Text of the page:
08 Jan 2013
Acquisition gives US company access to proprietary power-boosting technology first developed at University of Michigan.
The University of Michigan (UM) spin-out, which is based in Ann Arbor, has pioneered the development of a proprietary technology it calls “Chirally-Coupled Core” (3C).
The patented approach, which Arbor licensed exclusively from UM in August 2008, is said to enable state-of-the-art high-power fiber lasers with peak powers of up to 100 kW.
“The Arbor Photonics team and 3C technology are a valuable addition to nLight,” said Scott Keeney, the firm's president and CEO, in a statement announcing the deal. “Vertical integration of core technology is critical to our growth strategy.”
“3C fiber technology is critical to enable advanced applications that require high peak-power and single-mode beam quality,” added Jake Bell, nLight's VP and general manager. “[The technology] is also polarization-maintaining, which is essential for generation of green and ultraviolet (UV) wavelengths.”
Those shorter wavelengths are seen as increasingly important for fine materials processing applications, and the fiber laser market leader IPG Photonics has recently launched such products.
The "3C" concept
According to Arbor, the “3C” concept is based on a revolutionary type of optical fiber that features an internal structure designed to produce single spatial mode output from very large mode area fibers. The concept was invented at the University of Michigan’s Center for Ultrafast Optical Science by Almantas Galvanauskas - who is also Arbor’s chief scientist.
The performance is achieved by introducing two waveguides within the fiber structure, according to US patent 7,424,193. Those waveguides feature a large-diameter central core and a smaller, off-center, “side core”. The side core is helically wound around the central core, close enough to interact with laser modes that are propagating through the central core.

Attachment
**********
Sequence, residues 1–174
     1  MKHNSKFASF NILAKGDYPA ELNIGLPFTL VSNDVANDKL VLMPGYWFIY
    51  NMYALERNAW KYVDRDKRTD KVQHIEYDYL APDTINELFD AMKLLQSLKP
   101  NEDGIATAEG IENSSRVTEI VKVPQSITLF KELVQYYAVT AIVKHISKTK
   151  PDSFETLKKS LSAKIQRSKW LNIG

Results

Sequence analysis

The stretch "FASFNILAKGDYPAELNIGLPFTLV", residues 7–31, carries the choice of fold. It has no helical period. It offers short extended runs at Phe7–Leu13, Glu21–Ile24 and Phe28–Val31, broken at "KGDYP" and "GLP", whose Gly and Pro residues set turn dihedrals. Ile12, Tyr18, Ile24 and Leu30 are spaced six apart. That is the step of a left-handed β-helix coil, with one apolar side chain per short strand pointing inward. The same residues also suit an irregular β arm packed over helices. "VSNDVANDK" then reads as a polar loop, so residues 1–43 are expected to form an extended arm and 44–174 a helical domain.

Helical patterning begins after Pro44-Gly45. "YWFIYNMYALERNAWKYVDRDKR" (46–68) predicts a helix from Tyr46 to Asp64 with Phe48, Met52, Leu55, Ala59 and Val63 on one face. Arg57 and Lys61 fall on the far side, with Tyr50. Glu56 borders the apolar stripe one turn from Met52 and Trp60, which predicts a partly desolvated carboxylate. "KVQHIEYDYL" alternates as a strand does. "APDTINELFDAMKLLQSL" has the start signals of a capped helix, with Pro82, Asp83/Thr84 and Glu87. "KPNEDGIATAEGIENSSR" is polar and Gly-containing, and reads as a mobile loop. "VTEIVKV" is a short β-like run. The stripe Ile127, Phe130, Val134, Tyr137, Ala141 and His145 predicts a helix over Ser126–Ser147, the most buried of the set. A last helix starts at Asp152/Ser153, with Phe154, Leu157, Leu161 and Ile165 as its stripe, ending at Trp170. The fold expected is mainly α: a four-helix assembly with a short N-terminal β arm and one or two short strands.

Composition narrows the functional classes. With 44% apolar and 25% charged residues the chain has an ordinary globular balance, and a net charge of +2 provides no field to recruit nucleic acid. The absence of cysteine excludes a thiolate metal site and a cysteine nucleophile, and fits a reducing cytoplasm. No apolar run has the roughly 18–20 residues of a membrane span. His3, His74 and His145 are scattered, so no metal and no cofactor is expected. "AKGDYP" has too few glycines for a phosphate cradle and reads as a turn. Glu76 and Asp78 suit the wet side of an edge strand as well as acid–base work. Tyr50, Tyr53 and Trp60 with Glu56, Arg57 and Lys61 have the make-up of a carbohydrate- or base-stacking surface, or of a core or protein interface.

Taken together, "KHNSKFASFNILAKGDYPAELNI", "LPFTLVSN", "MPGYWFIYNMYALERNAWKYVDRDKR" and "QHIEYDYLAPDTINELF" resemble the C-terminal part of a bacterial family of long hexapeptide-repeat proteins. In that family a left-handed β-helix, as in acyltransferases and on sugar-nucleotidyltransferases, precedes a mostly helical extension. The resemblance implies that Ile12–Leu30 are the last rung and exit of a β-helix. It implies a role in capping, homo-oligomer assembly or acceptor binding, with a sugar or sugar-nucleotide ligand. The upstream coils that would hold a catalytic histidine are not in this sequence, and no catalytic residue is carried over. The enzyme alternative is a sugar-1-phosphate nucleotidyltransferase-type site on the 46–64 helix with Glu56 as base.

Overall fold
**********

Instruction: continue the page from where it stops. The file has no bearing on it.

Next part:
With the appropriate design, phase-matching conditions are created that couple higher-order modes into the side core, where they are then radiated out into the fiber cladding. “This structure favors single-mode operation by design and provides an extremely robust output beam,” notes the company.
nLight, which first emerged as a start-up amid the optical telecommunications boom in 2000, now sells a wide range of high-power laser diodes aimed primarily at industrial, medical and defense applications.
In August 2011, the venture-backed company attracted $17.5 million in its series E financing round, while an SEC filing dated January 2, 2013, revealed that the firm had raised a further $3 million.
At the time of the series E financing round, Keeney said that following the successful launch of its multi-kilowatt laser platform nLight had registered more than $60 million in order bookings for the first half of 2011.
Arbor, which was incorporated in 2007, had raised $2.25 million in equity funding according to the company’s own March 2009 SEC filing. In September 2010, the company also won a Phase 1B Small Business Research Innovation (SBIR) funding extension from the US National Science Foundation to continue developing the technology for potential applications in extreme ultraviolet (EUV) plasma generation – something requiring very high laser drive power.
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